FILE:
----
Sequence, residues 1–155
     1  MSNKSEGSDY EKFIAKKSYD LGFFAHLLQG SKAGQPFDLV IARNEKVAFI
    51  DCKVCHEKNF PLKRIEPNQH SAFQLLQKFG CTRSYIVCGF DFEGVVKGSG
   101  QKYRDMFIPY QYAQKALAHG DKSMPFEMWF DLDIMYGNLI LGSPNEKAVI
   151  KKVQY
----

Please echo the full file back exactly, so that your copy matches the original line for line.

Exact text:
Sequence, residues 1–155
     1  MSNKSEGSDY EKFIAKKSYD LGFFAHLLQG SKAGQPFDLV IARNEKVAFI
    51  DCKVCHEKNF PLKRIEPNQH SAFQLLQKFG CTRSYIVCGF DFEGVVKGSG
   101  QKYRDMFIPY QYAQKALAHG DKSMPFEMWF DLDIMYGNLI LGSPNEKAVI
   151  KKVQY